Watching Justin Verlander mowing down hitters in the postseason has become the favorite pastime of Detroit Tigers fans this fall. Viewing one masterpiece after another from a distance is all we have left from a team that has been razed to the ground, with a banner that reads “under construction” across the gates of Comerica Park.
For 13 seasons, Verlander toed the rubber for the Tigers. He won the AL Rookie of the Year Award, the AL Cy Young Award, and even a Most Valuable Player Award, which is something that no pitcher had done since 1992 at the time (Clayton Kershaw has since won one of his own). Verlander is a six-time All-Star, and was the ace of a pitching staff that won four consecutive division titles and two pennants.
Those glory days are gone in Detroit, at least for a while, and so is Verlander. He is now in Houston, where he is leading the Astros in search of their first World Series title. Tigers fans continue to root for him, and for his team to get him the ring that eluded him in Detroit. And we root for him to one day go into the Hall of Fame — as a member of the Tigers, of course.
Not since Al Kaline in 1980 have the Baseball Writers’ Association of America (BBWAA) voted a player into the Hall of Fame as a Detroit Tiger. Before Kaline, you have to go back to 1956, when the BBWAA voted in longtime Tigers first baseman Hank Greenberg. George Kell and Hal Newhouser were voted in by the Veterans’ Committee. Sparky Anderson was voted in as a manager — also by the Veterans’ Committee — wearing a Cincinnati Reds’ hat. Ivan Rodriguez was inducted into the Hall in 2017, but as a member of the Texas Rangers.
Like Kaline, Verlander is one of our own. He was drafted by the Tigers, developed by the Tigers, and he wanted to be a member of the Tigers.
But how close is he? Brandon looked at Verlander’s Hall of Fame credentials at the start of this season, but now we have another year of data to work with.
How does Verlander rank among Hall of Fame pitchers?
- There are 75 pitchers in the Hall of Fame. The average pitcher (including relievers) has 70.0 rWAR. Verlander has 56.9 WAR, which would put him 48th among Hall of Fame pitchers. WAR is a cumulative statistic, and another 10 WAR in his career would put him 34th, among the top half of all Hall of Famers.
- Verlander has a career 3.45 ERA, which would rank 66th of 75 Hall of Fame pitchers. However, we know that ERAs have fluctuated over the years. ERA+ measures ERA against the league average. Verlander’s 124 ERA+ would rank 30th among Hall of Famers.
- Verlander has pitched 2,545 innings, which is more than all but 22 Hall of Fame pitchers. This total is amassed despite the recent trends of teams examining pitch counts, utilizing five man rotations, and rotating multiple relief pitchers into every game. The complete game is all but extinct, yet Verlander has 23 of these gems in his career.
- Using another metric, Jay Jaffe of Sports Illustrated created “JAWS,” which uses a player’s career WAR averaged with their seven-year peak WAR to gauge their Hall of Fame credentials. Verlander ranks 74th with a JAWS score of 50.0 among all pitchers in MLB history. This list includes a number of non-Hall of Fame pitchers and several who are still active. If you have a seven-year itch, Verlander may not be your guy, but he still rates better than about 20 Hall of Famers using this metric.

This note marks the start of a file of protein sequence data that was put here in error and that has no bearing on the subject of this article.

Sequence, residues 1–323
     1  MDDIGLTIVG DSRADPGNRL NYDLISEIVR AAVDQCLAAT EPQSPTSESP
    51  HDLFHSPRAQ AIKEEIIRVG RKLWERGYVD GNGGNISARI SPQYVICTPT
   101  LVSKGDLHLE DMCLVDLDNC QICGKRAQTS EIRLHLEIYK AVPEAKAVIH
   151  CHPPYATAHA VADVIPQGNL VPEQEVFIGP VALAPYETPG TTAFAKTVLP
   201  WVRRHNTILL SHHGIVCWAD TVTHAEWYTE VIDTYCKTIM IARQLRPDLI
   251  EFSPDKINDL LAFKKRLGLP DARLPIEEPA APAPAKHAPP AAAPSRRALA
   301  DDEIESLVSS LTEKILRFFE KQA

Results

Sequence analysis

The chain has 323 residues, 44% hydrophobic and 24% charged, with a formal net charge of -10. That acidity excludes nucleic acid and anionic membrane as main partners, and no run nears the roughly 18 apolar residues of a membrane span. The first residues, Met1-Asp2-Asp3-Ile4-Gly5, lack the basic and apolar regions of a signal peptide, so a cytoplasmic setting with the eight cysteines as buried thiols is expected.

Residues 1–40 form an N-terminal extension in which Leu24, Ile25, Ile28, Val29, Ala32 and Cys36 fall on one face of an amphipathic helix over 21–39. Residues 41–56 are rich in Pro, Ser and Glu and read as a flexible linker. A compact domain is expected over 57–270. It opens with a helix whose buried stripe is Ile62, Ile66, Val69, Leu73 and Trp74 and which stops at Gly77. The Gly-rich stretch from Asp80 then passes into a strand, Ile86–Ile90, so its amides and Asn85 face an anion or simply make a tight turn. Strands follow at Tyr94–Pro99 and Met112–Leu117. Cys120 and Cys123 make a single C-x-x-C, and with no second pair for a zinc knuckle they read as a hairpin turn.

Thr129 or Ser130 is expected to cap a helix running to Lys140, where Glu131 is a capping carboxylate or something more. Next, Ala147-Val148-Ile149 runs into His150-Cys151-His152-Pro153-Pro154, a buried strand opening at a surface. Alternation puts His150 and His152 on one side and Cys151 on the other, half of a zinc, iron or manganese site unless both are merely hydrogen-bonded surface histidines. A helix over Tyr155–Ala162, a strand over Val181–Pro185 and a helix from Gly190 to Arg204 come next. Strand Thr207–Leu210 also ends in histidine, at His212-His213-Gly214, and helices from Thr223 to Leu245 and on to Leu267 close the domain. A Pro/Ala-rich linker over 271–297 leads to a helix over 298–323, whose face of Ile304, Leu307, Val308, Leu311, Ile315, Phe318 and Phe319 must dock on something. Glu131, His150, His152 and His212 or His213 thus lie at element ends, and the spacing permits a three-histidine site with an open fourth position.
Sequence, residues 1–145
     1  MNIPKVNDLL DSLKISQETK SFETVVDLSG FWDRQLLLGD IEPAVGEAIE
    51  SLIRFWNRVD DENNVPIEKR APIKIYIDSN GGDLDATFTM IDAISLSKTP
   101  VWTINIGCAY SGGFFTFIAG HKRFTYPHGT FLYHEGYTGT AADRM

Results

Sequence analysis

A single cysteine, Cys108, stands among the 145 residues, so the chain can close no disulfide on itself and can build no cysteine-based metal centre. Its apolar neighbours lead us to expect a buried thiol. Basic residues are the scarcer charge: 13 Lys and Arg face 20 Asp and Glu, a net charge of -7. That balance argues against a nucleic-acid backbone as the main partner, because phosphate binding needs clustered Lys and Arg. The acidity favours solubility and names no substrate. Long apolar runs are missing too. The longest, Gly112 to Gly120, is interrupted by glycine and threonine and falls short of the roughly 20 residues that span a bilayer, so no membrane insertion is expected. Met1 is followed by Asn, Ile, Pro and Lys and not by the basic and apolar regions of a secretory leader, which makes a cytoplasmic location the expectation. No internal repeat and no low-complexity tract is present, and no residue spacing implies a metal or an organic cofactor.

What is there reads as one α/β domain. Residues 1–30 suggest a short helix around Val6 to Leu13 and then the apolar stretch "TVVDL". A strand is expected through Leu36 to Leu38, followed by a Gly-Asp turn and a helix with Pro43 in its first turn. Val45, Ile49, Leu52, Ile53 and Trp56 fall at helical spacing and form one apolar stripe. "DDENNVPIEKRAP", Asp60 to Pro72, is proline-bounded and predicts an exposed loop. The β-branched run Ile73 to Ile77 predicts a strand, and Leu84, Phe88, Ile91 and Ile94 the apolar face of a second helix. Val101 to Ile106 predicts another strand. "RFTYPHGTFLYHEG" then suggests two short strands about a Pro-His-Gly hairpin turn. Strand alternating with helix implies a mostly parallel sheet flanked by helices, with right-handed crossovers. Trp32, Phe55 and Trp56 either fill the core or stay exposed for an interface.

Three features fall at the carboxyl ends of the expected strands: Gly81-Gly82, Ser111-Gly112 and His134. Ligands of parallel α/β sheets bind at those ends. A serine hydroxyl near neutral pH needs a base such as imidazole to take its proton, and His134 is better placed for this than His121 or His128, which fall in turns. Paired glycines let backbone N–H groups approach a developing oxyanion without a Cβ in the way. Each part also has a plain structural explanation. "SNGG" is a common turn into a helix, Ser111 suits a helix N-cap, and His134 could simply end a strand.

What is the standard for a Hall of Fame Pitcher?
The BBWAA has set a high bar for starting pitchers to be voted into the Hall of Fame in recent years. No starting pitchers were inducted between 2000 and 2010, and just six starters have been inducted since 2011. That group includes Randy Johnson, Pedro Martinez, Bert Blyleven, and the three Atlanta Braves: Greg Maddux, Tom Glavine, and John Smoltz.
Each of these six Hall of Famers had careers that lasted from 18 to 23 seasons, while the average Hall of Fame pitcher played 18 seasons. Smoltz has the lowest WAR of the group at 66.5, which includes several years in the bullpen. The lowest on the list among pure starters is Glavine at 74 WAR. Verlander is within 200 strikeouts of Glavine, and within 25 wins of Smoltz and 31 of Pedro. If these players are the standard, then the bar for induction into the Hall of Fame is very high. Prior to these six pitchers, only three pitchers — Bruce Sutter, Dennis Eckersley, and Goose Gossage, all relievers — were inducted into the Hall this century.
Verlander in the modern era
Since his rookie season in 2006, Verlander ranks first in wins by a large margin. In that time frame, he also ranks first in innings pitched, first in strikeouts, and second in rWAR behind only Clayton Kershaw. Verlander ranks first in the American League in rWAR over this span. He ranks fifth among AL pitchers during that time (min. 1,000 innings) in ERA, and sixth in FIP.
Pitchers are arguably getting better over the years, but it is getting harder and harder for them to rack up traditional stats like wins, innings pitched, or complete games. Baseball had a dead ball era in the years before Babe Ruth, and a pitchers’ era during the 1960s when run totals and ERAs were much lower than today. ERA+ adjusts for this difference.
Verlander’s case for the Hall of Fame is still a work in progress. The best case that can be made for his induction so far is found in comparing him with other starting pitchers during his career. On that scale, he has been nothing short of dominant. Whether he ultimately finds baseball’s holy grail depends largely upon how long he can continue that dominance. He is certainly on the right track.